Businesses are feeling financial pressure at the moment, but so are employees. So, companies across the UK are finding new ways to support their employees through the cost of living crisis and help them prepare for the future.
First, what is the buzzword ”financial wellbeing”?
Financial wellbeing means you have financial security and freedom of choice in the present and future. It can be affected by multiple things – one of which is the social and economic environment. For example, some employees are offered private health insurance at work, while others aren’t.
Employers who enhance their employees’ remuneration packages with access to other benefits – such as healthcare insurance or equity compensation – can make a positive difference.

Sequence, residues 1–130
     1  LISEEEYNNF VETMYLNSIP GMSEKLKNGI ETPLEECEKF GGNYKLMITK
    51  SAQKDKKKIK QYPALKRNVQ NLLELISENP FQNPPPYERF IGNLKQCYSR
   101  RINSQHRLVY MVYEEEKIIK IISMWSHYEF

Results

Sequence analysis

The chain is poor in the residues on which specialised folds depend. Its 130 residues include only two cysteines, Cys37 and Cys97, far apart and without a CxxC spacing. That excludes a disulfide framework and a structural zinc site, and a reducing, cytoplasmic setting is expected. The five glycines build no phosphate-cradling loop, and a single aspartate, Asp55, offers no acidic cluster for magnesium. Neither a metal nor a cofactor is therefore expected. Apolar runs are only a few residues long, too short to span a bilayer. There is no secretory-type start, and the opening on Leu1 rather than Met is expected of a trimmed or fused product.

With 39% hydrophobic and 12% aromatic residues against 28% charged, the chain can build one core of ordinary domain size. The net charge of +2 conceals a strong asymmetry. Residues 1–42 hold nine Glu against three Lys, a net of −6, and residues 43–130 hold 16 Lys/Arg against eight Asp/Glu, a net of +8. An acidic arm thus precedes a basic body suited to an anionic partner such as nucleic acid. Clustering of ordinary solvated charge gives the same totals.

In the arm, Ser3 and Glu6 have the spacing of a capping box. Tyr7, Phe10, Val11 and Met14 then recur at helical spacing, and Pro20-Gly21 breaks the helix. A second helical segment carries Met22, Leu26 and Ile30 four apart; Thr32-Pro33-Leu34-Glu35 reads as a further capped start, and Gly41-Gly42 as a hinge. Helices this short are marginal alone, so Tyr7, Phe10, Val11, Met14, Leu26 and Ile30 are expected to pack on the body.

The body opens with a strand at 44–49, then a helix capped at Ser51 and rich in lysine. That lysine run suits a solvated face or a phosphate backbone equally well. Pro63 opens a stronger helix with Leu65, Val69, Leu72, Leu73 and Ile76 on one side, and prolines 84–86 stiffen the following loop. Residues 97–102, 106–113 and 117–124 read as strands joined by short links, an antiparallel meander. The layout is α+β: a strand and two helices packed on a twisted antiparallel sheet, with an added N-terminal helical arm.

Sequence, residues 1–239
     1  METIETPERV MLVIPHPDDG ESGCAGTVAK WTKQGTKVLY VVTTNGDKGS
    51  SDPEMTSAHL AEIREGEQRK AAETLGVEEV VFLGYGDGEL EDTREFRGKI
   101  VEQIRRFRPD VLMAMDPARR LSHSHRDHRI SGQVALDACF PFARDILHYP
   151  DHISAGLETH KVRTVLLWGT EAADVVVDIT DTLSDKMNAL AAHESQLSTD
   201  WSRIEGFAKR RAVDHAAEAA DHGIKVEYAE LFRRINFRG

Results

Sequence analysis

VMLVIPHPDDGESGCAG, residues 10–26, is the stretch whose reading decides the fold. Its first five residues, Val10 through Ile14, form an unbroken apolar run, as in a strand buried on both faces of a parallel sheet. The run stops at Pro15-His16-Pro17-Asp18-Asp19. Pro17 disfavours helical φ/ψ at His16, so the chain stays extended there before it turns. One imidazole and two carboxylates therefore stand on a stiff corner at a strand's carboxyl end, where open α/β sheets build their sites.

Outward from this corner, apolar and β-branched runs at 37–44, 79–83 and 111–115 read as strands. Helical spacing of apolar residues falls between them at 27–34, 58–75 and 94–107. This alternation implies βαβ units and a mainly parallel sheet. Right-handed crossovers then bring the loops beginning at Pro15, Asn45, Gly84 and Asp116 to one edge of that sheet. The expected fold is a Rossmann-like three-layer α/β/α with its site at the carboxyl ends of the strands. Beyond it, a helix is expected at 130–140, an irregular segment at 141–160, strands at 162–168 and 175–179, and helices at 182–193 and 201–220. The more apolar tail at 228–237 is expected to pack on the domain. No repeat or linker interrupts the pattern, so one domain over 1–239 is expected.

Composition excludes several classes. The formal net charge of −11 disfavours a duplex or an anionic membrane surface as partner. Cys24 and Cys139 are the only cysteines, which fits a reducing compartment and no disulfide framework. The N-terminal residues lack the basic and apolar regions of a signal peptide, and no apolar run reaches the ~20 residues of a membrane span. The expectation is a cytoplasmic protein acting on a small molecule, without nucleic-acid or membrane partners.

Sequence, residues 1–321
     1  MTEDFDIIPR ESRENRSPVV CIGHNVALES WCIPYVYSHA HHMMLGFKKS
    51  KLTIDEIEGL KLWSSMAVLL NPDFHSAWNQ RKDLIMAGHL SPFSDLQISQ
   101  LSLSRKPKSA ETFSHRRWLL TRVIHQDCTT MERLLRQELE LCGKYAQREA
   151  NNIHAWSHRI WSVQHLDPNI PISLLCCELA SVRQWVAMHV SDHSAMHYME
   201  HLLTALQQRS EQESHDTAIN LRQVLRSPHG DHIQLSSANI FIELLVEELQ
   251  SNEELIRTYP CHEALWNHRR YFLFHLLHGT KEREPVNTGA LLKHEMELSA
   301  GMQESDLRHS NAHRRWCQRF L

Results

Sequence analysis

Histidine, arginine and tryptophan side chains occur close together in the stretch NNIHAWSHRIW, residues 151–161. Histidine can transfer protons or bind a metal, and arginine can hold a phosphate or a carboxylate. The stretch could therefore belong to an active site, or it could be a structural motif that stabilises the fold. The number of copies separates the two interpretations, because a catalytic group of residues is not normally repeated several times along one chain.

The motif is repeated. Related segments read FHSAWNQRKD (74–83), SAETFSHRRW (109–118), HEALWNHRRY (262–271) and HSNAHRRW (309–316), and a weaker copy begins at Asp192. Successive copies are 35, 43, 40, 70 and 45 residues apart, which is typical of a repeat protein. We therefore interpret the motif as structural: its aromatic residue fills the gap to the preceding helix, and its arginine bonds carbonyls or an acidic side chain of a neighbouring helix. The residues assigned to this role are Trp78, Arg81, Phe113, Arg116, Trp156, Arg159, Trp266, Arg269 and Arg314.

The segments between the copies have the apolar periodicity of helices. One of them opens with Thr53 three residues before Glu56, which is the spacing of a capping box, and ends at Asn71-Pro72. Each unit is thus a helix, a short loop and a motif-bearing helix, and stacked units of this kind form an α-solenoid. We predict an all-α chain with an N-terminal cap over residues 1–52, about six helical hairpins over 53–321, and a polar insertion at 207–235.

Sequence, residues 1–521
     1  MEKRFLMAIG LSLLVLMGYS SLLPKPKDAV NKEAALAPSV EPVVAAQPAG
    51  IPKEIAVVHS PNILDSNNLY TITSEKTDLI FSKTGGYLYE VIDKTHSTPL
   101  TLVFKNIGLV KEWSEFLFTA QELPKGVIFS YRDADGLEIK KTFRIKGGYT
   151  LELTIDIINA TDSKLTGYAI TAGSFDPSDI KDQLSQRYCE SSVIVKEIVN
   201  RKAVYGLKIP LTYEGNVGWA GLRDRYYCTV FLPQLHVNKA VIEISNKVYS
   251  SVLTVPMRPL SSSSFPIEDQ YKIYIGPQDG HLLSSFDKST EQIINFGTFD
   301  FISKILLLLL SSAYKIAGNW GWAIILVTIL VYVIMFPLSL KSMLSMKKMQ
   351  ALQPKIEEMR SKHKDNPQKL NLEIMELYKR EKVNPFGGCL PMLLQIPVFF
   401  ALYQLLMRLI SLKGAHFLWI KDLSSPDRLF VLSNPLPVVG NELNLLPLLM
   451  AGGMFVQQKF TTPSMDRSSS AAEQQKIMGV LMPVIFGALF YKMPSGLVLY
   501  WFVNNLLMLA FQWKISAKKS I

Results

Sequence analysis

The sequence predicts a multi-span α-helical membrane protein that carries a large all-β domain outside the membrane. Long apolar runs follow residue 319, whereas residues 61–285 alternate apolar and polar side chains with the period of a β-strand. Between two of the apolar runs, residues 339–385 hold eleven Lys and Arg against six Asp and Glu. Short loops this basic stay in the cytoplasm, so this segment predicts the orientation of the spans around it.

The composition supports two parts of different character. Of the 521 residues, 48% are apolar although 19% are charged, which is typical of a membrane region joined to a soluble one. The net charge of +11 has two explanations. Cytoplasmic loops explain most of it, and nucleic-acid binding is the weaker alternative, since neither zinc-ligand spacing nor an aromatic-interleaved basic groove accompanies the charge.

But, why should you care about employee financial wellbeing?
More than one-third of UK adults feel anxious about their finances. Almost 30% of the UK workforce (8.2 million people) say financial worries from the cost-of-living crisis have negatively impacted their productivity at work.
You should be aware of the long-term impacts of not helping your employees during a difficult economic situation, e.g. absenteeism, staff turnover and employee morale issues.
It’s also widely acknowledged that companies that value and treat their staff well will most often reap the benefits through loyalty, enhanced engagement and dedication.
So, how can you help to improve employee financial wellbeing?
While increasing pay is not practical for all companies, you can help your employees make smart financial decisions via communication and education campaigns. Some companies take a step further by offering share-based compensation – equity awards or share schemes.